Most decisive battle in WW2? - Page 19




View Poll Results :Most decisive battle in WW2?
Battle of Stalingrad 34 33.33%
Battle of Kursk (Operation Citadel) 15 14.71%
Battle of Moscow 10 9.80%
Battle of Leningrad 0 0%
Battle of El Alamein 3 2.94%
Operation Overlord (Battle of Normandy) 17 16.67%
Battle of Midway 11 10.78%
Other 12 11.76%
Voters: 102. You may not vote on this poll

 
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May 15th, 2008  
Njaco
 
 
No prob. I will admit I'm not as knowledgable about Moskow as I am am about Stalingrad and your points may very well be true. Another little area to research!
September 13th, 2008  
Topmaul
 
 
Farseer I agree Krusk, was the last chance for a German Victory they gambled big and lost big.
September 13th, 2008  
Doppleganger
 
 
Quote:
Originally Posted by Topmaul
Farseer I agree Krusk, was the last chance for a German Victory they gambled big and lost big.
Hey Topmaul, I am a big fan of the German military system but even if Kursk had been successful, it would not have prevented a Soviet victory. It was too late even before Stalingrad for Germany to win a decisive victory.
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September 14th, 2008  
errol
 
 
Quote:
Originally Posted by behemoth79
I agree with Doppleganger. Kursk was the turning point in the war. If Germany was going to rebound at all it would have to come from a qucik defeat of Russia in order to get te troops back on the western front. Kursk was a long and extremely costly battle for Germany. So many tanks were lost that even if they did eventually beat Russia, they would have had no chance of recovering in the west.
The Battle of Kursk was not that long. The Germans, after Kursk could only retreat, but I feel that even before Kursk they had lost the decisive initative on the Ostfront.

Moscow was the biggest blunder followed closely by Stalingrad. Kursk third!

Stalingrad was the bloodiest and most costly but is it the most desisive? I guess the result was the most clear cut as the 6th Army was destroyed but was the loss greater in importance than the loss at Moscow? Its a good discussion on its own.
September 14th, 2008  
errol
 
 
Quote:
Originally Posted by Doppleganger
The Battle of Moscow was a far bigger setback for Germany than the Battle of Britain ever was. Perhaps you are not aware but Army Group Centre, which contained the cream of the Panzer and motorized units, was pushed back 200 miles and almost routed. This was partly due to the weather, but mostly due to the fact that the Germans over-extended themselves and then were counter-attacked by fresher, better equipped troops. Hitler's 'meddling' back in July may have saved Army Group Centre from taking large casualties even before they were even in a position to push towards Moscow.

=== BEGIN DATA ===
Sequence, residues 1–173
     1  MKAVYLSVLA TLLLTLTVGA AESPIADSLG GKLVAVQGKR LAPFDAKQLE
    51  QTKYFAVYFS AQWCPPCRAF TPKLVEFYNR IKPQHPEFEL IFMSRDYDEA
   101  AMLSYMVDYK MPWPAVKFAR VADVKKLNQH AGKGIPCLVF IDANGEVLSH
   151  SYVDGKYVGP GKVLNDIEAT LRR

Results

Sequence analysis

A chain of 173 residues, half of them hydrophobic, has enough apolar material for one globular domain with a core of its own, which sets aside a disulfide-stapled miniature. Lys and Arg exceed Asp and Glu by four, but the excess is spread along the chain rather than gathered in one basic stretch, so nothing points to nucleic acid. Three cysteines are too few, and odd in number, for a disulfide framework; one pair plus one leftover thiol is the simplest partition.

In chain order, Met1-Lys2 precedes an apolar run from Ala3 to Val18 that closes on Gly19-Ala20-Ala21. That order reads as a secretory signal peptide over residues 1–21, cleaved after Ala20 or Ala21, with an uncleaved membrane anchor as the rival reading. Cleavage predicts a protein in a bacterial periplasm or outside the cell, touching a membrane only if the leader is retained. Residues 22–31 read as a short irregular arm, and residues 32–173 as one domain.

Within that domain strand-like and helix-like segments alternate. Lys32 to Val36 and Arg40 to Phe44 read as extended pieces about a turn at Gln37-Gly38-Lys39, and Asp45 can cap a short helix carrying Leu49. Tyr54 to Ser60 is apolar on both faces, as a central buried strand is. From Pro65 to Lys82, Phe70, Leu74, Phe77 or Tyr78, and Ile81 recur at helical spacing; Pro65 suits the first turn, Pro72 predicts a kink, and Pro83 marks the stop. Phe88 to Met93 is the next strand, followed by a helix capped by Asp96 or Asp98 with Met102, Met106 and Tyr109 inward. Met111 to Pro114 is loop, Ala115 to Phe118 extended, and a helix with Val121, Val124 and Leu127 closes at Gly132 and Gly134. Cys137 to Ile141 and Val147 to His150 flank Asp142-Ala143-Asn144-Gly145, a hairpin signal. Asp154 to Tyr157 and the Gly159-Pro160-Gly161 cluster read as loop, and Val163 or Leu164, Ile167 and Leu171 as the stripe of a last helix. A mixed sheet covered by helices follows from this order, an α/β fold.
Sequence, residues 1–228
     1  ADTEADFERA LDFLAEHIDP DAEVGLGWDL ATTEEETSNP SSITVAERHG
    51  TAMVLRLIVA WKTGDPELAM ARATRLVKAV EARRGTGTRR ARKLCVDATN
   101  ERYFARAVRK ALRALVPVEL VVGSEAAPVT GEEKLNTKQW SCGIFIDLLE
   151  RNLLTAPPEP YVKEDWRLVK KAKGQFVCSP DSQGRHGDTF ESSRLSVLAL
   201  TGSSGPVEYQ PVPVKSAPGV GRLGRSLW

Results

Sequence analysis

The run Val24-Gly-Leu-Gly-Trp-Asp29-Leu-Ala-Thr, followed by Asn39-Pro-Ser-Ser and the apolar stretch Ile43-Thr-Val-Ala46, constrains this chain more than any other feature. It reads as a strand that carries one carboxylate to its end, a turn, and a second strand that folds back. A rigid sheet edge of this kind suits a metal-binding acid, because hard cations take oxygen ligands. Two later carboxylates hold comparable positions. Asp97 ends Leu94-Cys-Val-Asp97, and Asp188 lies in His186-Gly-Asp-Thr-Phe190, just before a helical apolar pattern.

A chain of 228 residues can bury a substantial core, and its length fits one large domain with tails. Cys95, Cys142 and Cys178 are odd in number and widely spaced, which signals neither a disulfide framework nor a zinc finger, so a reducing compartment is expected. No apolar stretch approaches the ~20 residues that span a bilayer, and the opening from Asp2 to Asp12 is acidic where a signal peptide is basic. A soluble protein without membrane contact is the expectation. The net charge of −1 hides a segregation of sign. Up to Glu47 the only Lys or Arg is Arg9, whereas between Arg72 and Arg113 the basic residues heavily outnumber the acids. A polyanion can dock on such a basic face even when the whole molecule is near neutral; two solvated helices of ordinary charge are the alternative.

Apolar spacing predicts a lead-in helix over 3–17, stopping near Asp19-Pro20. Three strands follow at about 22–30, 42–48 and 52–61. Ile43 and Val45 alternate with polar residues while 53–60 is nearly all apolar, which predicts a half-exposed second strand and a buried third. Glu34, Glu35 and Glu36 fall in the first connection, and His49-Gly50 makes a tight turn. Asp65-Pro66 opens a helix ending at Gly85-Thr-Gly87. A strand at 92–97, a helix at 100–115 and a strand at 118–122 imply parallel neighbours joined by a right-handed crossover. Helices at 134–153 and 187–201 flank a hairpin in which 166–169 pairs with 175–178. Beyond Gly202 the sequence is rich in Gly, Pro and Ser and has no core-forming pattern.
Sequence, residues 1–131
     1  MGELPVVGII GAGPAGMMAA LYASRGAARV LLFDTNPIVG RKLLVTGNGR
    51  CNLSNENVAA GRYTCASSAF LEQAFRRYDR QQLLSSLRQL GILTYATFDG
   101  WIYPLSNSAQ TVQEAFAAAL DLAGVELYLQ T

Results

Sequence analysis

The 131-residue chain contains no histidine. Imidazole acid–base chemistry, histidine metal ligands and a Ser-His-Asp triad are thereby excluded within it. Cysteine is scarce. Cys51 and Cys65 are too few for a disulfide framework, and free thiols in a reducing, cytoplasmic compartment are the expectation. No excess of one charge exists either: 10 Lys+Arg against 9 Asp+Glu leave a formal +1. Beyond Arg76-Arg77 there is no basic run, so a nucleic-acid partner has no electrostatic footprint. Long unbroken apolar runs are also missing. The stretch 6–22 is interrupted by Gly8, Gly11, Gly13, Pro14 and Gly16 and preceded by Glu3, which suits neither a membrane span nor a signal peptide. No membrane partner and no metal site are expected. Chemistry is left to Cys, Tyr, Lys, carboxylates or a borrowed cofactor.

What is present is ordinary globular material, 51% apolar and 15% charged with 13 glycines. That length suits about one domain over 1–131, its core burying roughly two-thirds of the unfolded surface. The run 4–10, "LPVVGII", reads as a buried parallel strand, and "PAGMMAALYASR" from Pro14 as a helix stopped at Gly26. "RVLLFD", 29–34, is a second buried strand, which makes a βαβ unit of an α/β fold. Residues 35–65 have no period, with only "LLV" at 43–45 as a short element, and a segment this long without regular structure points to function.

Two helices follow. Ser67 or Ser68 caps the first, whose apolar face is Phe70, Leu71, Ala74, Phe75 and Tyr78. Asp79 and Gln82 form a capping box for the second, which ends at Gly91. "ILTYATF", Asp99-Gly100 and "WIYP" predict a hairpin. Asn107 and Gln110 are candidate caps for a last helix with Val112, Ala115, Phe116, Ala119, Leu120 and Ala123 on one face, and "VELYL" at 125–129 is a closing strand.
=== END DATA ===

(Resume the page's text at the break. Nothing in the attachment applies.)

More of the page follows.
Hitler's logic to take Kiev before Moscow was based on sound military principles that the German Army (and other armies) had followed for over 100 years. That is to operate assuming the following priorities :
  1. Destroy the enemy armies in the field
  2. Seize economic and industrial resources
  3. Capture prestige targets
The Kiev operation clearly fell under 1 and 2 whereas targeting Moscow fell under mainly 3. Who is to say Hitler was wrong?
I think some of our US friends don't have a good knowledge of the Ostfront. WW2 was won and lost there!
September 14th, 2008  
Topmaul
 
 
Quote:
Originally Posted by Doppleganger
Hey Topmaul, I am a big fan of the German military system but even if Kursk had been successful, it would not have prevented a Soviet victory. It was too late even before Stalingrad for Germany to win a decisive victory.
As a kid I read everything I could get my hands on concerning Word War Two from US perspective, years later I was getting ready to sail and I picked up "The 10,000 Mile War" about the war in Alaska because that was where we war headed. When I finished that I found a used copy of "Operation Drumbeat" and was hooked I read every thing I could find on the German U-Boat are and Surface forces, after that I started reading books like SOLDAT, Panzer Aces, etc. I found I knew almost zero about the Russian Front so I got a few books like "BLOOD UPON THE SNOW" and others so I consider myself pretty well read on the subject but a bit rusty on details because it's been a long time.

Also I was a Re-Enactor with the 11th Panzer Granaders and learned to use German Heer field gear it really puts things into perspective. For example with all that metal field gear how did the Germans move so quietly at night? I used to clank!
September 15th, 2008  
errol
 
 
Quote:
Originally Posted by Topmaul
As a kid I read everything I could get my hands on concerning Word War Two from US perspective, years later I was getting ready to sail and I picked up "The 10,000 Mile War" about the war in Alaska because that was where we war headed. When I finished that I found a used copy of "Operation Drumbeat" and was hooked I read every thing I could find on the German U-Boat are and Surface forces, after that I started reading books like SOLDAT, Panzer Aces, etc. I found I knew almost zero about the Russian Front so I got a few books like "BLOOD UPON THE SNOW" and others so I consider myself pretty well read on the subject but a bit rusty on details because it's been a long time.

Also I was a Re-Enactor with the 11th Panzer Granaders and learned to use German Heer field gear it really puts things into perspective. For example with all that metal field gear how did the Germans move so quietly at night? I used to clank!